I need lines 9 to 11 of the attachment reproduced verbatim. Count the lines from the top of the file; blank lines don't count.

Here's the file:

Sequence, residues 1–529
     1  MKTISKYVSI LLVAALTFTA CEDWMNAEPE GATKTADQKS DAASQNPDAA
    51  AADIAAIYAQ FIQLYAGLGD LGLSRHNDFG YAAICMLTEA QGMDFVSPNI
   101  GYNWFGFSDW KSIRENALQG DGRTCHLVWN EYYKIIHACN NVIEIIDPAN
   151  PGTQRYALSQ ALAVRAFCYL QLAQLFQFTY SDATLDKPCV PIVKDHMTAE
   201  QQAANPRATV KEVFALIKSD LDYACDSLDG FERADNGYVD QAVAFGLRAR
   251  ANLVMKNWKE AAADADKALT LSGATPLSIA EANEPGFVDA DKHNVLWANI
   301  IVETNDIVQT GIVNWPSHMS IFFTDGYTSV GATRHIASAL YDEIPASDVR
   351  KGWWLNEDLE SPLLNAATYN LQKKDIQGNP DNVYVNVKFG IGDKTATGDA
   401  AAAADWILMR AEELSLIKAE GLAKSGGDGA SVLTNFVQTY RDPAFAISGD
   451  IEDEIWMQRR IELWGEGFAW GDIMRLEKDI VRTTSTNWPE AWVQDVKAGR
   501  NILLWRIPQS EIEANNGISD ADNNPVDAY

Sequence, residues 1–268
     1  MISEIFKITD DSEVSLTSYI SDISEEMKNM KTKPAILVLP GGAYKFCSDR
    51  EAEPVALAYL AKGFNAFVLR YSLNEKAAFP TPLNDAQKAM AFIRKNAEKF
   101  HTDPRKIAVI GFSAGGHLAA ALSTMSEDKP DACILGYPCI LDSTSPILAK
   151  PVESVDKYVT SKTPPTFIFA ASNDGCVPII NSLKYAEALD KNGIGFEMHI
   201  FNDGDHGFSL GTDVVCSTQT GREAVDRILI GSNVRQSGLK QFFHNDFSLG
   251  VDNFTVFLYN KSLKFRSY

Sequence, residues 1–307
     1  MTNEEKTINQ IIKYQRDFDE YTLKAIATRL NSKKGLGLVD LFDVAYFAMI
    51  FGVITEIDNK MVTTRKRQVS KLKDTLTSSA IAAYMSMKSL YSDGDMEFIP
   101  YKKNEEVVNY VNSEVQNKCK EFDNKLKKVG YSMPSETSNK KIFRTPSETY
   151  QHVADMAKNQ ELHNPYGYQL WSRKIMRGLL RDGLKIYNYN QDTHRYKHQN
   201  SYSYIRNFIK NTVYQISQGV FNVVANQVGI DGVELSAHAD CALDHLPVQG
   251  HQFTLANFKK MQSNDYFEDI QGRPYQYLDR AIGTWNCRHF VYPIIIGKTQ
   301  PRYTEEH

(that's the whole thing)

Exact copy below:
   351  KGWWLNEDLE SPLLNAATYN LQKKDIQGNP DNVYVNVKFG IGDKTATGDA
   401  AAAADWILMR AEELSLIKAE GLAKSGGDGA SVLTNFVQTY RDPAFAISGD
   451  IEDEIWMQRR IELWGEGFAW GDIMRLEKDI VRTTSTNWPE AWVQDVKAGR